From time to time, Something New appears on the horizon. Sometimes it's been designed by a committee, sometimes by a group of astronaut architects. Sometimes I reject it by default, if it just makes me stupid, like EJB for example. But sometimes I come across something different, something that makes me think differently. Git, for example, totally changed my outlook on version control. I like paradigm shifts, especially when they make my life easier.
NoSQL is a good candidate for a Git-like "Wow!!" experience. It's light, it's sexy. It's becoming more and more popular. There are a lot of implementations even though it hasn't matured yet. Query language standarization is in progress. Big companies like Facebook and Yahoo are using it. In other words, NoSQL is as hot as the summer weather today here in Warsaw :)
Why is NoSQL so hot? What's missing from my traditional RDBMS? How might NoSQL change the projects I'm working on right now? The root question is: "Is it really worth taking the leap to NoSQL?"
NoSQL came out during the Web 2.0 era. Web applications had changed, they had become more and more about persistent storage for thought streams and less about business entities. Posts on blogs, comments, holiday pictures, user profiles, all had a simple document-like model in a database. Documents are sets of properties, names. Each document is stored with a key or id. People like to share what's on their mind, so volumes grow rapidly. Storage becomes a real problem. It becomes expensive and extensive. Terabytes of human thoughts stored on highly transactional, ACID-driven databases designed to store financial data.
The solution was simple. Let's get rid of schemas, transactions, and ACID bondage. Yeah! ACID is so 70s ;). So let's make it simple, like a persistent hash map, let's make it distributable, to avoid pernicious hardware solutions. So they made it. NoSQL solutions delivered to the people.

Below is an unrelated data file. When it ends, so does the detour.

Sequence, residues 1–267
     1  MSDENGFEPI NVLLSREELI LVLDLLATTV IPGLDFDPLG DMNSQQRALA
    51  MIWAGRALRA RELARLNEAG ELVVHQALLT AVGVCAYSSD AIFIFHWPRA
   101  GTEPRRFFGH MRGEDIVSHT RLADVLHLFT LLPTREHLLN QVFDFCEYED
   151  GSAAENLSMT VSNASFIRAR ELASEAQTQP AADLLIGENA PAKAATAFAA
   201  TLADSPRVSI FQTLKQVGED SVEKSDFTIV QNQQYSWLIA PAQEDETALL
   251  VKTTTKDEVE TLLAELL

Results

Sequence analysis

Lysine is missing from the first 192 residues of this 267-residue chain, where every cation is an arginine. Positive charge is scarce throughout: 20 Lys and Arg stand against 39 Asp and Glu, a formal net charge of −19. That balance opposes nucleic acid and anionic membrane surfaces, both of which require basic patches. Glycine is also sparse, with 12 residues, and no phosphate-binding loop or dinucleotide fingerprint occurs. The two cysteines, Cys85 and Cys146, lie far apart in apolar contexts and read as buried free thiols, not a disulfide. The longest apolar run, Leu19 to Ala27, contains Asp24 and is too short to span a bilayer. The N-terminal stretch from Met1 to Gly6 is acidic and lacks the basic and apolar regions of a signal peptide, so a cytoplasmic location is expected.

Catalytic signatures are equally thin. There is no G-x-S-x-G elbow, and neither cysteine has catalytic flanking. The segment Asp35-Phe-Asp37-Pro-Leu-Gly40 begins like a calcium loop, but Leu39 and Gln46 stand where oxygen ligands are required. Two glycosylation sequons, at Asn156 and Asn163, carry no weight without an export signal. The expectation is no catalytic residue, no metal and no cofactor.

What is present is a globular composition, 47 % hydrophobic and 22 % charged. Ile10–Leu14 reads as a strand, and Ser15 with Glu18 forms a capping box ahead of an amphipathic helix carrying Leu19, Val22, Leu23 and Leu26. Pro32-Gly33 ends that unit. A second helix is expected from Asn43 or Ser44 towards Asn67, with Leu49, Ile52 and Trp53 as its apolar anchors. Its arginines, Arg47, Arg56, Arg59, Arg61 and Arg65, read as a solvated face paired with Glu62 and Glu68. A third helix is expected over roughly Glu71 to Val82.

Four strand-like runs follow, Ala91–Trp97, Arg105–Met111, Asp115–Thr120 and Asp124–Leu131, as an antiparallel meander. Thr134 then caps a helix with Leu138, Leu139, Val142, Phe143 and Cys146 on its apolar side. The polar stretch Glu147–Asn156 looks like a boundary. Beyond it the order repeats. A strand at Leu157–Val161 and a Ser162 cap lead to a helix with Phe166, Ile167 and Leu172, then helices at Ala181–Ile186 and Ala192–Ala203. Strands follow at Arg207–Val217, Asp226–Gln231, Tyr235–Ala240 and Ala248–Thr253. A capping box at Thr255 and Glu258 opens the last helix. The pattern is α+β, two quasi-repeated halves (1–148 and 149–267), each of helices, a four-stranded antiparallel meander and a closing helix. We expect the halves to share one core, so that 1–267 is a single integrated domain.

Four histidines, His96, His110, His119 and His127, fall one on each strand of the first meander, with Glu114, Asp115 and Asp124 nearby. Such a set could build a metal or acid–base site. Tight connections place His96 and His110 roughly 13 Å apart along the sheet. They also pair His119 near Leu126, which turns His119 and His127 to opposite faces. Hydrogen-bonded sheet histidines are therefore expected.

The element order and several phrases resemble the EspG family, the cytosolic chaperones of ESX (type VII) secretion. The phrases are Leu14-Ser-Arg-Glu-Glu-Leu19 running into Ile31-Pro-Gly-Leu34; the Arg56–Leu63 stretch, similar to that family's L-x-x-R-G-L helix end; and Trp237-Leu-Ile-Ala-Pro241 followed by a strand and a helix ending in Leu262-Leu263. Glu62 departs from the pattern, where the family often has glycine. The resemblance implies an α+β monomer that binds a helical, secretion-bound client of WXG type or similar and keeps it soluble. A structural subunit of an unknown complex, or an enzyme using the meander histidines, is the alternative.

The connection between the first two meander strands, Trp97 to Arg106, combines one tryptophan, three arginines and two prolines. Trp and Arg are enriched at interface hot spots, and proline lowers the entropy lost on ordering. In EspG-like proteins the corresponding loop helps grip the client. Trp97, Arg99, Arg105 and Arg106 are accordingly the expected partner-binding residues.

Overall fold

NoSQL is awesome. But I'm still not using it.
Why not? Every appliction I'm working on has at least one part which would be a good cadidate to implement on a NoSQL database. Like content management modules, products descriptions, news, and so on. But business applications have to satify the needs of all their departments.
CMS and product description modules are used by marketing/PR departments. These guys are known to change their minds often, I mean very often. A schema-less approach could be helpful to them, because storing yet another "only-marketing-guys-understand-it" field can be done without any DBA activity.
But what about other departments? Especially the financial guys? Can they handle non-atomic updates performed on their "money-like" columns? I don't think so. They love ACID even if they don't understand it. RDBMSs were developed for them.
Now you're facing the problem of how to store two totally different kinds of data: loosely coupled documents, and strictly-related business entities. Your choices are:
- NoSQL (Downside: not at all easy to implement strong enough reliability to handle finances)
- RDBMS (Downside: storing content in tables looks awkward sometimes)
- NoSQL for documents and RDBMS for money (Which one will serve as master?)
Sadly, when you look at the downsides, RDBMS is still the winner. Elegance is not as important as reliability when money is on the table. The old way still works for enterprise-level applications. You may call me a dinosaur defending my Java + RDBMS solutions, but that pair is still the unbeatable standard.
Now I'm going to wander off and dream about orthogonal persistency on a hardware-based Lisp machine.